Portrait of an elderly Karo woman who kindly invited us in to her hut for tea

A feature story in 2011 points out that there has been a dearth of academic scholarship on the subject, but “some observers have speculated that it might have started many generations ago as a way to purge people who are more likely to become a burden or who cannot contribute to the propagation of their people.”

A Karo boy runs after a plastic bottle in a dust storm. Catching it, he removes it and stops it from being blown around the village

The Karo officially banned the practice in July 2012, while around 50,000 individuals secretly continue to practice it in other Omotic communities.

In 2008, Karo tribesman Lale Lubuko began rescuing children deemed “mingi.” The 2011 award-winning documentary film Drawn From Water chronicles Mr. Labuko’s early mingi rescue activities. Together with California filmmaker and photographer John Rowe, Mr. Lubuko founded Labuko’s Omo Child Organization. To date, 37 children ages 1–11 have been rescued. The children live in a home built with the help of John Rowe.

Noko, one of the Karo elders in Dus. He is standing in front of the Marmar, a council headquarters of the Karo people, which is made from hardwoods harvested from the nearby riverine woodland

An additional film about Mingi practices called Omo Child: The River and the Bush was released in 2015.

An elderly Karo man holds a tiny puppy in a hand carved wood canoe

Omo Valley Journeys – Walking with (Suri) Warriors

A Suri warrior is fitted with a protective helmet before a round of fighting

The Suri are a very interesting and tough people, who have had their share of problems with neighbouring peoples, like the Nyangatom, who are closer to the government.  Tensions also exist between the Suri and the Toposa in South Sudan, allies of the Nyangatom, who frequently raid their cattle.  There have also been violent clashes with the Me’en.  Most problems in recent decades, however, have been with the authorities.  The village highlanders, of mixed descent, tend to look down upon the Suri nomads. There is a dramatic history of conflicts and clashes of Suri with highlanders and national government officials who have a deep distrust of the Suri and saw them always as uncivilized lowlanders ‘without religion’.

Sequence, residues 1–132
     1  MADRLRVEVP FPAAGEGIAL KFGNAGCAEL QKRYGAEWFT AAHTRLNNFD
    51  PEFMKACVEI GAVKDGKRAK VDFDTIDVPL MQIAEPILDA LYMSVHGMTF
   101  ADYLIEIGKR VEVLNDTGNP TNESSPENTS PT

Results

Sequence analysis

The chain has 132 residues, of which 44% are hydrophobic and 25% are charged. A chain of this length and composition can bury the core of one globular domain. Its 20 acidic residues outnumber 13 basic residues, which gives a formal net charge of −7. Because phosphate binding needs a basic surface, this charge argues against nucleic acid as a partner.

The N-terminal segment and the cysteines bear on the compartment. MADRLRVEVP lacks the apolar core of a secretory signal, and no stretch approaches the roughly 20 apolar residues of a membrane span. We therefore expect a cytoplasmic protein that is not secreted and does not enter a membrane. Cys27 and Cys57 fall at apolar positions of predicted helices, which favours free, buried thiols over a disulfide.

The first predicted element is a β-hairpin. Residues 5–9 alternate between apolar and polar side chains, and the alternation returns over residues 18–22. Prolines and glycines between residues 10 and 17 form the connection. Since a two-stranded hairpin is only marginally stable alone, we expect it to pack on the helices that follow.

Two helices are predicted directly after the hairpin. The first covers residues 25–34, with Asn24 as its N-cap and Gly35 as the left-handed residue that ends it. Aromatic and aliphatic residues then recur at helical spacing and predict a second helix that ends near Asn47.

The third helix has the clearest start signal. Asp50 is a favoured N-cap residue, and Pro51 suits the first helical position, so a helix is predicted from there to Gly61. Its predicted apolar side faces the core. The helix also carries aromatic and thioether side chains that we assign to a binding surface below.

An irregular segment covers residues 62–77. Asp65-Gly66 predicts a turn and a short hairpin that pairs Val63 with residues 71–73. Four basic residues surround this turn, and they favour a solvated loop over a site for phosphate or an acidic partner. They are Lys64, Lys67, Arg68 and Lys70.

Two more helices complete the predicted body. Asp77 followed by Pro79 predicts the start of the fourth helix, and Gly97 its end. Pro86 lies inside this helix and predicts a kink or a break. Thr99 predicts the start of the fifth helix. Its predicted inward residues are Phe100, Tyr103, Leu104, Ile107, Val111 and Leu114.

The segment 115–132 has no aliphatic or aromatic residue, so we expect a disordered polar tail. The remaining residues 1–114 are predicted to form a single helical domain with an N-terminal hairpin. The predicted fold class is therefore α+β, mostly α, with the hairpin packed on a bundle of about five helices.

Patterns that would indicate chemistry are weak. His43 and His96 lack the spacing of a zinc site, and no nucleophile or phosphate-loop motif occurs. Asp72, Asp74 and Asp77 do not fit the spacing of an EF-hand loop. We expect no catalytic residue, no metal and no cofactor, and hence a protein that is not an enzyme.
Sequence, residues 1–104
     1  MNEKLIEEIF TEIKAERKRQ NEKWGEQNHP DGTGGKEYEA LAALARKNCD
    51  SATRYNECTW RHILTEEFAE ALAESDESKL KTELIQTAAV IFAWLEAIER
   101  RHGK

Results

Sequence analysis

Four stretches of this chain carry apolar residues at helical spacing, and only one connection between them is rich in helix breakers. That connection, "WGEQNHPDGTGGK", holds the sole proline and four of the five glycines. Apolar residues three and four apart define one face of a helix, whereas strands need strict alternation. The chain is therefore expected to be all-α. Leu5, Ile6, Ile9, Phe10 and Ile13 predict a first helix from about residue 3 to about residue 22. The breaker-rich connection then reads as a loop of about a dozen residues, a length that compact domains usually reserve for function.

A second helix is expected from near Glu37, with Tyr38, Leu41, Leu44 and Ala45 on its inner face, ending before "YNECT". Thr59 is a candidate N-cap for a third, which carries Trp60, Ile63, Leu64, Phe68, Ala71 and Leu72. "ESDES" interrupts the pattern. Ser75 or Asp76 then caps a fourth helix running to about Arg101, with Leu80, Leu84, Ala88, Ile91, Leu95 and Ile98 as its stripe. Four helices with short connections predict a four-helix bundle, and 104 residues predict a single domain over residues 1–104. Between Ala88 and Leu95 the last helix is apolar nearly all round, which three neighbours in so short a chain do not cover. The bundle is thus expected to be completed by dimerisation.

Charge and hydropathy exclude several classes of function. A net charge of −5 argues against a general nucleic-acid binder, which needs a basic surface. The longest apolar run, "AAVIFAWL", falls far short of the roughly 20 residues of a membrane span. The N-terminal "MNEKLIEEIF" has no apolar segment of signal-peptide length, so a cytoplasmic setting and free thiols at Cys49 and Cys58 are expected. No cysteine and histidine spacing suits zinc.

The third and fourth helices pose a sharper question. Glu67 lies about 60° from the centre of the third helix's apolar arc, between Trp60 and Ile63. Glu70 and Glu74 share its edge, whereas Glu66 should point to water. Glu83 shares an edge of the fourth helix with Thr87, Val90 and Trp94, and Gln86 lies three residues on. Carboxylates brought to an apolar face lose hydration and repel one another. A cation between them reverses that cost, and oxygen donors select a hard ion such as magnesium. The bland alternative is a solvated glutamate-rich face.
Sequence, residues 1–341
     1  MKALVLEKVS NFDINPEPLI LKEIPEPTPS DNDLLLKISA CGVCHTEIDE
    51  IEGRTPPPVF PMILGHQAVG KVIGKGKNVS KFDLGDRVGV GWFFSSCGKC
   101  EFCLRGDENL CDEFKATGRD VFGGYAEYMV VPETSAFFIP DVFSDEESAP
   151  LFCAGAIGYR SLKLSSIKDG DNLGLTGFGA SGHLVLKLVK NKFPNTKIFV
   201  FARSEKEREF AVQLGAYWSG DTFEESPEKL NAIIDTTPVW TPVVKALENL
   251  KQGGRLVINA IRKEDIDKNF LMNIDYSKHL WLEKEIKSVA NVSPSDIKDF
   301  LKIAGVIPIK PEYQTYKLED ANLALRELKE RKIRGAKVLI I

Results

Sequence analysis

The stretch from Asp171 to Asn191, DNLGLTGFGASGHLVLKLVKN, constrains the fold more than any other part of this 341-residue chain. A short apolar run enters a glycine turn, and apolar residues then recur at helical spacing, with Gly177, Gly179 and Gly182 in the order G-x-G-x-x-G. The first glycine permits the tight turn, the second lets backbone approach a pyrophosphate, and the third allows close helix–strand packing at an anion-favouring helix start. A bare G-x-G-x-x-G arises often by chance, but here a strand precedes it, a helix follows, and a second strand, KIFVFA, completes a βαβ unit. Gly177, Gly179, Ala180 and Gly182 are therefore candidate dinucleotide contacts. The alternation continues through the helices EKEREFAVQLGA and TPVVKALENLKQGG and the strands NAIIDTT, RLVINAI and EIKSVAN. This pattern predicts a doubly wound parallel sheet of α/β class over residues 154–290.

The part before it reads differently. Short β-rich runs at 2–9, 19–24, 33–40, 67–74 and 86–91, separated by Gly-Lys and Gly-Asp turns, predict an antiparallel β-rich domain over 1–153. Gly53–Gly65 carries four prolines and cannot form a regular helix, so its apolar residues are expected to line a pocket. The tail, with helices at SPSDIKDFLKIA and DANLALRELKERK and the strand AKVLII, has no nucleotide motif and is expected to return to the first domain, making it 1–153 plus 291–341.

Perhaps one of the most interesting ways the Suri have to settle disputes is through the act of “Donga” or stick fighting.

We were in Ethiopia at a time when the fights weren’t on. Generally they take place in or at the end of the Ethiopian monsoon. Our visit was in the dry season. We’d heard, however, that two rival clans of Suri were hoping to fight over an intended woman to marry and so, starting a few days before we arrived, the stick fight had been planned to win her heart

Suri men principally take part in stick fighting, a combination of marital art, ritual and sport, to impress women and find a wife.  They fight with little or no clothing, and the violent clashes sometimes result in death.  Battles usually take place between Suri villages, which can consist of between 40 and 2500 people.  As well as providing an opportunity to attract a partner, the fights aim to get young men used to bloodshed – which leaders believe comes in handy if they clash with other tribes.

As it turned out the clan whose village we had camped in were one of the fighting teams. We were invited to go and see it, and being the only two white people in the area, we thought why not?

An arena had been established in a grassy, flat area not far from our clan’s village. We arrived a little early, hoping to get a good vantage point to watch. As we waited, local Suri children played in the grass.

Suri children play with small sticks in the grass while they wait for the Donga to start

Young Suri guys also messed around whipping each other with their clothes in a similar way that my brother used to whip me with tea towels!

Boys! Suri boys whipping each other with their clothes. It reminded me of my brother whipping me with a tea towel when I was younger!

Before we actually saw a donga, I had only a theoretical concept of the art of stick fighting so in essence I had no idea what the afternoon would entail. We went with an open mind.

There were two things that surprised me about the fight. The first was the importance of music. Each clan arriving to fight would sing together as they walked in. It was the men of our clan singing that we actually heard before we even saw them. As they got closer the singing became more pronounced. It is the Suri invitation to battle hymn it seemed.

Here is our clan arriving.

There were two naked men leading them in and psyching the fighters up for the battle as they walked. When they arrived they waited for their opponents in the shade.